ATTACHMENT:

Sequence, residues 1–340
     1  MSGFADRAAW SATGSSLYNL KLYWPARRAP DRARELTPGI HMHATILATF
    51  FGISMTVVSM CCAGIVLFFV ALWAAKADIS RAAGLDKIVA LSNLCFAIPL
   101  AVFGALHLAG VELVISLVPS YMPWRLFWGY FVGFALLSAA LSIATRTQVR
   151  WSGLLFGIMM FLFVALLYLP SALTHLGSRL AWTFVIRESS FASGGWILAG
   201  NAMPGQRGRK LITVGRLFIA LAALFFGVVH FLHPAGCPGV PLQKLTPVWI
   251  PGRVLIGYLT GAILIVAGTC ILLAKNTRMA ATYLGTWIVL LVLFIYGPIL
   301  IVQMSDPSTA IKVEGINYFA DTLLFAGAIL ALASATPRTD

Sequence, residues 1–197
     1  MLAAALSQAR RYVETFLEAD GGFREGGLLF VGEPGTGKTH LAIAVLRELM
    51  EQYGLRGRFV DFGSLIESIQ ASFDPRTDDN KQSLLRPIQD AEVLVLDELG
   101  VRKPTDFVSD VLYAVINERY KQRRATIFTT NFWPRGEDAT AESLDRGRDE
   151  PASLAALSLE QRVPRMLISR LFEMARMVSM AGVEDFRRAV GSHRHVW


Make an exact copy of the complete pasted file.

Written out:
Sequence, residues 1–340
     1  MSGFADRAAW SATGSSLYNL KLYWPARRAP DRARELTPGI HMHATILATF
    51  FGISMTVVSM CCAGIVLFFV ALWAAKADIS RAAGLDKIVA LSNLCFAIPL
   101  AVFGALHLAG VELVISLVPS YMPWRLFWGY FVGFALLSAA LSIATRTQVR
   151  WSGLLFGIMM FLFVALLYLP SALTHLGSRL AWTFVIRESS FASGGWILAG
   201  NAMPGQRGRK LITVGRLFIA LAALFFGVVH FLHPAGCPGV PLQKLTPVWI
   251  PGRVLIGYLT GAILIVAGTC ILLAKNTRMA ATYLGTWIVL LVLFIYGPIL
   301  IVQMSDPSTA IKVEGINYFA DTLLFAGAIL ALASATPRTD

Sequence, residues 1–197
     1  MLAAALSQAR RYVETFLEAD GGFREGGLLF VGEPGTGKTH LAIAVLRELM
    51  EQYGLRGRFV DFGSLIESIQ ASFDPRTDDN KQSLLRPIQD AEVLVLDELG
   101  VRKPTDFVSD VLYAVINERY KQRRATIFTT NFWPRGEDAT AESLDRGRDE
   151  PASLAALSLE QRVPRMLISR LFEMARMVSM AGVEDFRRAV GSHRHVW